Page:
Thoughts: Lessons from the Y2E2 Experiment

In my view, the Jerry Yang & Akiko Yamazaki Environment & Energy Building at Stanford University is unsuccessful in so many respects and in total – but we can chalk that up to the experimental nature of the building. But still, one would hope that diligent experimental design would have produced a better experiment. This is one experiment that should end so that another can be started. Accept the failure and learn from the lessons.

Reference Point – The Leslie Shao-Ming Sun Field Station at the Jasper Ridge Biological Preserve of Stanford University. This is a truly amazing structure and space. It embraces sustainable functionality and efficiency, and maintains productivity while continuing to evolve as challenges get addressed.

Architectural – A few of the individual failures include (a) bathrooms opposite faculty offices [see hallway photo at end of this entry] – demonstrates no consideration of how faculty operate, (b) staff administrator offices with no outside windows – the only personnel who typically stay in their offices 8 am to 5 pm and you suppress natural sunlight to their workspace?, and (c) low-height ceilings in lab offices that are reached by going down one floor then up half a floor? There are many more. An exercise for a YCISL workshop could be jotting down the Y2E2 Features on the walls of the red atrium stairwell, and creating a list of failures – and doing a value analysis. Lesson: Ask. Gather information. Do your homework.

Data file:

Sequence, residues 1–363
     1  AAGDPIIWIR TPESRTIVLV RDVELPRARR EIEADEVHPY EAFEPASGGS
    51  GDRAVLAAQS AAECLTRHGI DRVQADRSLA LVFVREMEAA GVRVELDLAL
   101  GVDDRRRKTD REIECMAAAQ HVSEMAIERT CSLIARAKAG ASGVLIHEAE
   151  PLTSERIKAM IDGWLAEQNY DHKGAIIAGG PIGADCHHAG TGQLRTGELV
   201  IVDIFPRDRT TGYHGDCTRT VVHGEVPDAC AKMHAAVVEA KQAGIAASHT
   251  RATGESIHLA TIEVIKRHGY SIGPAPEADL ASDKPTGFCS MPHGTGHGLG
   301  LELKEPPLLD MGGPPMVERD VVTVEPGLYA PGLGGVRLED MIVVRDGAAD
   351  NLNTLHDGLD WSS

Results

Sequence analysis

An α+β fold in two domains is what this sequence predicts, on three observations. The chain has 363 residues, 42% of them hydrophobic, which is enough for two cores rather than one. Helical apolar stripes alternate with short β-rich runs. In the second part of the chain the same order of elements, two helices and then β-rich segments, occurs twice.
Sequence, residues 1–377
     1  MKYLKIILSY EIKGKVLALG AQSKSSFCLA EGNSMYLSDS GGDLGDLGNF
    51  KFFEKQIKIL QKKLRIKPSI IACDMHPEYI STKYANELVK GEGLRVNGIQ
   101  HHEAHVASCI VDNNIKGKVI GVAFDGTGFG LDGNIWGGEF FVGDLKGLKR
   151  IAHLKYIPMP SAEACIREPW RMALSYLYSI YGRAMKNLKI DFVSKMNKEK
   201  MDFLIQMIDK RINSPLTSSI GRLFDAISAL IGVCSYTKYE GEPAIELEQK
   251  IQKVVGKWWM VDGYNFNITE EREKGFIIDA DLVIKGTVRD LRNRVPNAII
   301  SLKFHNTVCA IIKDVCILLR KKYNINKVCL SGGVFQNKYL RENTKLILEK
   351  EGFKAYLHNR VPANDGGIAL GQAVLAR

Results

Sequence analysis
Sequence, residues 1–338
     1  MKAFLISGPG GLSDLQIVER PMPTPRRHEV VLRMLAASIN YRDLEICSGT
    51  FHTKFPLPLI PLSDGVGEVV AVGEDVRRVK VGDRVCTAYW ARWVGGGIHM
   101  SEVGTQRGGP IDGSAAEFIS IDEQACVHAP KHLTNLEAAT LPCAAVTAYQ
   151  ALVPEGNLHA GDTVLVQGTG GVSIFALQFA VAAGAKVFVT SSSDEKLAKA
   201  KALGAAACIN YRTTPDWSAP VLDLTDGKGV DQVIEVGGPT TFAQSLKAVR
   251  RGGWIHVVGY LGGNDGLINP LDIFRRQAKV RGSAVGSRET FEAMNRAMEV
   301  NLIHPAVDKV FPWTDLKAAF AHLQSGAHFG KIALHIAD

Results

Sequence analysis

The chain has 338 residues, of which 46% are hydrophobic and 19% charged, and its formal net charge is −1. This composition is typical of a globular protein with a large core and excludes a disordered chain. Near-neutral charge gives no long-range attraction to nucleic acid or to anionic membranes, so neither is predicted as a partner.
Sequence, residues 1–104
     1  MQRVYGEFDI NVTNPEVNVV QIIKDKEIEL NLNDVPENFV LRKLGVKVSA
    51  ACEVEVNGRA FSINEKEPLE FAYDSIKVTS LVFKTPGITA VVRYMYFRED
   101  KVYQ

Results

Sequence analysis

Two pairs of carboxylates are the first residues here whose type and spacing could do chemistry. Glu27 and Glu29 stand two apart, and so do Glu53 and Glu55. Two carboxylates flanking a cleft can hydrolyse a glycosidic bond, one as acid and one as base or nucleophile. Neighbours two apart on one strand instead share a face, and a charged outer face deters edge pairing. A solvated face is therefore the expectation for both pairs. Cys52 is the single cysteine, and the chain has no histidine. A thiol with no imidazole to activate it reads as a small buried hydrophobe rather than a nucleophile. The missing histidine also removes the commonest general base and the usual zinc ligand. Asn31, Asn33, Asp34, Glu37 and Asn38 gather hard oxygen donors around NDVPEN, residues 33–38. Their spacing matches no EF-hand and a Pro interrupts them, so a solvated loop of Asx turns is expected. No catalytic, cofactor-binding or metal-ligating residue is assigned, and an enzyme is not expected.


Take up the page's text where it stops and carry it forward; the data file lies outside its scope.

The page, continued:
Functional – What would one expect to be the main functions of an academic building at Stanford? Teaching? Research? Study areas for students? As for teaching, there is just 1 formal classroom – someone was thinking “one-size-fits-all.” Conference rooms have been partially re-purposed for teaching but you can guess what happens when a space is used for something other than its intended function (many are not great as conference rooms either). Regarding research, look at the distance separating the various researchers in a group, and the distance of faculty offices from their laboratories –  hardly encourages research and collaboration. As for study areas, I would acknowledge that there are a number of small meeting rooms that students can use to meet for group work or discussion – a reasonable success. Even the scattered sofas and padded chairs are a plus – but it’s less than what was in our previous building, the Terman Engineering Center (TEC). Lesson: Focus quality on main requirements.

Operational – During off-hours, the building is locked and inconvenient to access even for legitimate use. Then there’s package delivery for which there is no system – delivery persons are constantly looking for anyone to sign for a delivery so they can move on to their next stop. Yes, there are the “neat” thermostat-controlled actuated louvers that let cool air in on the 1st floor at out the top of the atria – but is there any fresh air in the basement (where the labs and research students are?) Lesson: A little compatibility testing (even simulated) can be a huge value differentiator. Fail often. Fail fast. Do something about the failures.

Social – Sadly, a net zero social environment is acceptable here given the politically combative environment that exists because of logistical arrangements. The social environment is net zero and is reflected by typical long empty hallways and distance between co-workers (a logistical failure). There was a good-intentioned idea to create theme areas in clusters but it resulted in broken existing ties and turf wars. Social is another area where Y2E2 scores well below TEC. Lesson: Sustainability should attract people, not repel them.